I loved The Silver Ninja. I had a lot of fun reading it, and although a hefty dose of suspension of disbelief is required at all times, this doesn't stop me enjoying the big Marvel Blockbusters so why should it stop me enjoying a novel? It would be unfair to approach the two with different mindsets I think. There were times when I found it hard to justify decisions that the protagonist here made, Luna consistently offers reasoning behind everything that Cindy does, but in some cases it's very, very thin reasoning that you wouldn't want to lean on too much. Oddly it wasn't the technology here, but the simple human responses and reactions that tested my belief. It didn't impact too seriously on my ability to enjoy the story though, there was too much going on for me to spend too long at any one point wondering "why?".
I thought that Cindy was a fantastic female protagonist. I really enjoyed the journey Luna sent her on, and I could personally identify so much with her reaction to the 'incident' on her way home (I don't want to go all spoilery if I can possibly help it). It's that moment when something happens that makes you realise you're not invincible, and that you're living in a world with some genuinely vile people in it. I think that's a moment that a lot of readers, perhaps female readers especially, will identify strongly with. It was great to see so many sides to her; the wit and banter between her and her Sister ("'roid rage" had me chuckling), the physical strength, the emotional frailty, the intense curiosity, and, essentially, the bravery and determination she displays. I thought the back story reveal was very nicely done, and her issues with food were, again, something so powerful in terms of connecting with readers and really showing us who she is and what she deals with internally. It's not often in SF I've seen a male writer write a female character so skilfully.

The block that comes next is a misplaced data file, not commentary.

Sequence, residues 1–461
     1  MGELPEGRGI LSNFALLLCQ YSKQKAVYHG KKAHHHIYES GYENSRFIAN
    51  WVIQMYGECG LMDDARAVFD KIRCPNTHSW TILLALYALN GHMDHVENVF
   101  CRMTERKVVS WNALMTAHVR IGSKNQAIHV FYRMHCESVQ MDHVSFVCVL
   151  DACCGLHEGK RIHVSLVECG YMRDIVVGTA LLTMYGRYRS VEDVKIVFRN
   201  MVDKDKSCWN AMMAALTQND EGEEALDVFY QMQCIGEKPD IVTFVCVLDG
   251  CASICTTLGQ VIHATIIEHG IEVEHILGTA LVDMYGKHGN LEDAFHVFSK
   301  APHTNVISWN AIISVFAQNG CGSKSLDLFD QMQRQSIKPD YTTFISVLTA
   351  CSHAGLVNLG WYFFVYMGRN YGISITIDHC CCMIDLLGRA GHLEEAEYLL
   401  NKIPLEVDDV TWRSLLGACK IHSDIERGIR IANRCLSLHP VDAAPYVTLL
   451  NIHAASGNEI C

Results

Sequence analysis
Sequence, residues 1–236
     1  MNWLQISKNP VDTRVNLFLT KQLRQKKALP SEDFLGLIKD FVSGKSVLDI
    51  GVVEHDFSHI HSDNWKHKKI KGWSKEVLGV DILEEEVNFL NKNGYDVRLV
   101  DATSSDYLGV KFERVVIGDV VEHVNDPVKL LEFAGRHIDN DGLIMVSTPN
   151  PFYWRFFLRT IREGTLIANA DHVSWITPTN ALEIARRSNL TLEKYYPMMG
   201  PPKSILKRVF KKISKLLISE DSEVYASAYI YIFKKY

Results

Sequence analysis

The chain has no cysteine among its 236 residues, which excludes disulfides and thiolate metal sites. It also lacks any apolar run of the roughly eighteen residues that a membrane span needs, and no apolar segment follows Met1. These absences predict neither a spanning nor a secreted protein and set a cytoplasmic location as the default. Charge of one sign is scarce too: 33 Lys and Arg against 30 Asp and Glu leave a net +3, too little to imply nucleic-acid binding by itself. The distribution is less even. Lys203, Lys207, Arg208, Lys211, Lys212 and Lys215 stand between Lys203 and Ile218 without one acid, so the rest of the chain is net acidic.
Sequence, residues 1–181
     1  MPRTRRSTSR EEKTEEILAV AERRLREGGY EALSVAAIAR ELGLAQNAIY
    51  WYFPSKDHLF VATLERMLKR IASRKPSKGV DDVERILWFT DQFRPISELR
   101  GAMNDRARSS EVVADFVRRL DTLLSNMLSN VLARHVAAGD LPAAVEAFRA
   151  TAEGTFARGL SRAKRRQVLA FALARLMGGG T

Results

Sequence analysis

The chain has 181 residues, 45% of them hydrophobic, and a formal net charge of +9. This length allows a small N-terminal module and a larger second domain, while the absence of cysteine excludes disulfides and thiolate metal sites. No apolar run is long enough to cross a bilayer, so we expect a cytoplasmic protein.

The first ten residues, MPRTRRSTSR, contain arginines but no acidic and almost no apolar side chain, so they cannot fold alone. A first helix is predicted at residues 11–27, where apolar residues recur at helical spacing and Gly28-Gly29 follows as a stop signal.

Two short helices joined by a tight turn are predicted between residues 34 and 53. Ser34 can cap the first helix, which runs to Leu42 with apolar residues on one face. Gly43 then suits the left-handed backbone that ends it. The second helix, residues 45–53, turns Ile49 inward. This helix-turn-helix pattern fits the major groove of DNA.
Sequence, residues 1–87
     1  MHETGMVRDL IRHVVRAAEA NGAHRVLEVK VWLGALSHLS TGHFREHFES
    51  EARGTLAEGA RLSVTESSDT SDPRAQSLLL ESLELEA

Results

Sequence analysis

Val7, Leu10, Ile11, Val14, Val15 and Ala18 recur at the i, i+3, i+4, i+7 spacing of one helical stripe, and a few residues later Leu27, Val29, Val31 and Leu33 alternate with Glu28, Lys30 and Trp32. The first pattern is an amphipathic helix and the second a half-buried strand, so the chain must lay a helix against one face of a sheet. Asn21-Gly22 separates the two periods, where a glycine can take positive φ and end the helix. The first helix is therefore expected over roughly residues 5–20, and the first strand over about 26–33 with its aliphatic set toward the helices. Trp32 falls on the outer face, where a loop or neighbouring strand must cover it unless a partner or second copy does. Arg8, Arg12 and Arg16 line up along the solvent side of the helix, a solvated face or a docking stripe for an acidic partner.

With regard to the military/government element, I don't want to keep reducing things down to 'Comic Book' material, but anyone familiar with the corrupt officials of many a popular comic book City will be perfectly at home here. I don't know that Luna brought much that's original to the table in this respect, but I'm not complaining in the slightest because I was enjoying a fully three dimensional female lead so much that I was glued to the pages regardless. There was no way I was going anywhere.
One thing Luna is remarkably good at is leaving little markers throughout the novel that tie beautifully into later elements of the story. It shows a genuinely well-considered, well-structured plot, and is one way in which he shows me as a writer that he knows exactly what he's doing. My only disappointment was that at one point I think he put in a single marker too many, in relation to Ruby, which took the edge of the Big Twist at the end a little for me. I don't mean to be all mysterious and coy, but I don't want to spoil it for anyone who hasn't read the book yet.
Stylistically, Luna's writing is a little unpolished. He's very heavy handed with his similes, they are everywhere! For the most part they tended to be original and really quite impressive, there are some real gems! but there were just so many of them that they lost their impact. I would love to see him limit himself in his next book, to, say...no more than 10..just pick your absolute favourites and then let us enjoy them without having to wade through them. I found his tenses got a little mixed at times, and his phrasing, whilst mostly good could occasionally get clumsy and stilted. For a debut novel though, the writing was solid, and his pacing and engagement was impressive. If he does indulge in a second novel, which I'm hoping for from the end of this one, I would expect to a lot of these minor niggles to be ironed out.